The results of the stationary tests conducted on all the data by means of homogenous panel unit root test (Levin-Lin-Chu (LLC)) and heterogeneous panel unit root test (Im peresan and Shin (IPS)) are presented in Table 1. A time series is stated as non-stationary if the mean and variance of the time series are dependent over time. On the other hand, a time series is stationary if the mean and variance is constant over time.
 
In Table 1, the result reveals that all the series are integrated of different orders. Majority of the variables such as EPS, salary of staff (SALARY), and director’s remuneration (RENMR) are stationary at first difference except training of the staff (TRAIN). In view of the aforementioned result, condition for panel cointegration is not met. Therefore, there is need to proceed to fixed effect and random effect panel model.
 
Panel data analysis
 
To analyze the relationship between human capital accounting and the profitability of money deposit in the banks, the study employs static panel data analysis of a single equation model of EPS as a proxy for the financial performance to determine the profitability of banking firms. EPS serves as a dependent variable while SALARY, DIRECTOR RENUMERATION, TRAINING and PENSION are the explanatory variables that determine the quality of human resources accounting. In a bid to arrive at the most consistent and efficient estimates, the study conducts unrestricted panel data analyses which include fixed effect and random effect panel estimates, followed by post estimation test such as Hausman test. Hence, result for the estimation is presented in separate tables for unique analysis, before drawing conclusion on the most consistent and efficient estimator.
 
Objective: Nexus between human resources accounting and EPS
 
From the Table 2, almost all variables like SALARY, TRAIN and PENSION have positive relationship with  EPS but only PENSION and TRAIN are significant. This implies that TRAINING and PENSION are critical factors that are germane to human resources to boost the EPS as a means to enhance the profitability of the banks. The reported R-Square of value of 0.4485 which is almost 45% of the systematic variation of the EPS of the firms can be jointly explained by the independent variables. The R-Square value is below average indicating that the explanatory variables are fairly fit measures for EPS.
 
The result in Table 3 is nearly the same with the fixed effect. The finding shows that PENSION and TRAIN have significant positive relationship with EPS while other variables have insignificant positive relationship except director remuneration (RENMR) that has insignificant negative relationship with EPS. This also implies  that TRAINING and PENSION are critical factors that are germane to human resources to boost the EPS so as to enhance the performance of the banks. The reported R-Square of value of 0.24148 which is 24% of the systematic variation of the EPS of the firms can be jointly explained by the independent variables. The R-Square value is low indicating that the explanatory variables are not good fit measures for EPS.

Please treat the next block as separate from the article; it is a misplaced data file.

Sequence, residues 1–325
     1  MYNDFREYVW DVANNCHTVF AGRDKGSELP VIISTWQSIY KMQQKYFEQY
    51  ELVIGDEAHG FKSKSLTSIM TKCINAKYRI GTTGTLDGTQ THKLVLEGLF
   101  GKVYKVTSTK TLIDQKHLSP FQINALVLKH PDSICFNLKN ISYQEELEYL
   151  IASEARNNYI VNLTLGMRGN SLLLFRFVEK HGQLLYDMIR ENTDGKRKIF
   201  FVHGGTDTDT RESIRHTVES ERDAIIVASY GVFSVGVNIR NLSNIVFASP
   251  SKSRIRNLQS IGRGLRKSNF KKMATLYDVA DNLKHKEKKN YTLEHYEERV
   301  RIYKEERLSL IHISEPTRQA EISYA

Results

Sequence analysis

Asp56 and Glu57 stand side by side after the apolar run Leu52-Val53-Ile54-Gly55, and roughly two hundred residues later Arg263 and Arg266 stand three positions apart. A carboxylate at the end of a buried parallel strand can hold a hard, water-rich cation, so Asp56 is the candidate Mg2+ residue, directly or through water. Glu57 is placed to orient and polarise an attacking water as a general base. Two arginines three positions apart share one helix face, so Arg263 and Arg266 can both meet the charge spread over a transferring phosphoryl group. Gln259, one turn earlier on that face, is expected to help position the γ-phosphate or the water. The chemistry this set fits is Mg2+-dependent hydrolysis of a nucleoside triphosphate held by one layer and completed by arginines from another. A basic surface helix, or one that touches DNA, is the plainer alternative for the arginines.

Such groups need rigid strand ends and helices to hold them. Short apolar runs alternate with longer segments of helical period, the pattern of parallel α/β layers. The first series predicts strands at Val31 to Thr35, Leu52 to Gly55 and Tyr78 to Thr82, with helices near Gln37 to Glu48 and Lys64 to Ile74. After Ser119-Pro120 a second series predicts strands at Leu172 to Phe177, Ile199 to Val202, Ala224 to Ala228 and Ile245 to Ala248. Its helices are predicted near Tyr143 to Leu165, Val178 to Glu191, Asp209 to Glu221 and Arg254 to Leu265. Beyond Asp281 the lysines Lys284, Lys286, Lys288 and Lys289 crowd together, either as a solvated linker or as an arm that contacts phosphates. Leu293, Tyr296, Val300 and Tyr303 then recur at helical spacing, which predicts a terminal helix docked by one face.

Post-estimation
 
Since the probability value of the Hausman test is more than 0.05 or 5% level of significance, the null hypothesis is not rejected. Therefore, the random effect is the most appropriate model to assess the relationship between human capital accounting and EPS (Table 4).
 
Diagnostic test
 
In order to examine the robustness of the model, diagnostic test is implemented using first order autocorrection test in the model. The result of the serial correlation test revealed that at 5% level, we reject the null hypothesis that there is no autocorrelation in the residuals for any of the orders tested, thus this test finds no evidence of model misspecification. The result is presented in Table 5.
 


 CONCLUSION AND RECOMMENDATIONS

The study examined the relationship between human capital accounting and EPS of deposit money banks in Nigerian stock of exchange. The finding shows that pension and train have significant positive relationship with EPS while other variables have insignificant positive relationship except director remuneration (RENMR) that has insignificant negative relationship with EPS. This also implies that train and pension are critical factors that are pertinent to human resources to boost the EPS so as to enhance the performance of the banks. The finding of the study agreed with finding of Agbiogwu et al. (2016), Therefore, the study concludes that training and development of the staff and pension are good measures of human capital assets that are capable of improving the EPS of money deposit banks. It is also concluded that remuneration of directors is not veritable variable of human capital and not significant to promote EPS of Nigerian banks. Based on these finding, the management of banks should give priority to payment of pension and also engage in continuous training and development of their employees to enjoying better EPS.


 CONFLICT OF INTERESTS

The authors have not declared any conflict of interests.